How to give your audiences what they want

Our courses and books and blogs are full of great advice for improving your speeches and presentations: tell more stories, use more pauses, be more conversational, make strong eye contact, don’t overload slides with text.

But please remember one thing: all audiences are different. It’s very rare that two audiences have the same expectations about your presentation.

So a critical question to consider before you build your presentation is this: what does this audience expect from me, and how can I give it to them?

Let’s look at the expectations of some typical audiences.

The Keynote speech

This is the Holy Grail for most speakers. It’s the big set-piece, the high stakes, high impact presentation to a large audience. The audience expects to be taken on a journey, and to have a transformative experience. It’s the perfect occasion to roll out stories to engage the audience and make your message memorable.

The Keynote audience almost certainly does not want a mass of data or text-heavy slides. Above all, they want to be entertained. They want to be taken on a journey.

The Financial or Research Presentation

At the other end of the continuum is the Financial or Research Presentation. These audiences love data, and will want as many details as you can give them. They are head-oriented rather than heart-oriented. Launch into a succession of stories and they’ll start rolling their eyes.

But a slideshow, however well it is delivered, is a weak vehicle for delivering complex information. We suggest that if the facts and the charts are so important, send full documentation to the audience ahead of the presentation. Give them a chance to digest the new data.

Give a shorter presentation where you focus on emphasizing the main points and their implications. Don’t do a long slide show where you simply re-hash all of the data in the report they’ve already seem. Leave time for questions at the end.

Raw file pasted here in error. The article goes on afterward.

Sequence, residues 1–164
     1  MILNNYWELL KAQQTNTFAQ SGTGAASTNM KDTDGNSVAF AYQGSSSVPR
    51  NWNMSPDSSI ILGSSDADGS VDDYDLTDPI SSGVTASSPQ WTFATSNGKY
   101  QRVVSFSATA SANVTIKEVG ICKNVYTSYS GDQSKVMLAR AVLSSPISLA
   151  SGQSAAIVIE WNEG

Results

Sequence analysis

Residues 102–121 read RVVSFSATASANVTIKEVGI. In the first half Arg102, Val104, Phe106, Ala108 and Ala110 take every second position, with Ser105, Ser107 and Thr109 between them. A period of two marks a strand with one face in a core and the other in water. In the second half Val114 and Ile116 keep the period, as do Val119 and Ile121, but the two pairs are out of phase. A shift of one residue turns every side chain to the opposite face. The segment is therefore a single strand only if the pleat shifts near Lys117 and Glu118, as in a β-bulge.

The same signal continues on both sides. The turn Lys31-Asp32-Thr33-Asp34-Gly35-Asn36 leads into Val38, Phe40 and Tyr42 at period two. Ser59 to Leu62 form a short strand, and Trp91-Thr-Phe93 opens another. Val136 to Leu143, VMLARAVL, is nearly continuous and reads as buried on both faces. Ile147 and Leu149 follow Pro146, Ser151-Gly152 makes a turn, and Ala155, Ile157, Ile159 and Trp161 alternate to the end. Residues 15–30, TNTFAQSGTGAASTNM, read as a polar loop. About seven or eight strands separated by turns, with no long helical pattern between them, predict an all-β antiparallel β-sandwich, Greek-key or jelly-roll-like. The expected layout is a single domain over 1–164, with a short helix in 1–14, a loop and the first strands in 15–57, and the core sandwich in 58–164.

And even with fact-hungry audiences, there is scope to appeal to their emotions. If appropriate, use a story to press home the practical application of the information you are sharing.

Departmental Update or Product Launch

This type of presentation sits right in the middle of our continuum between entertaining keynote and fact-driven report. Most presentations are about reorganizing departments or launching new initiatives or products. They are about change, and many in the audience may be skeptical. If ever there was a time to focus on benefits rather than process, it’s here.

Don’t get bogged down in the details. This is the time to emphasize the value of the changes or the new initiative or the new product. How will it change the lives of employees, or customers, or purchasers?

Use stories to put a human face on the changes you are talking about. Who benefits, how will their lives be better. But don’t just boast about your new idea or your new product; make people see how it will remove a problem from their lives.

So to sum up, before you start preparing your presentation, decide where it sits on the continuum we’ve been talking about. Understand the audience’s needs and expectations, and make sure you give them what they want, and well as making them receptive to your overall message.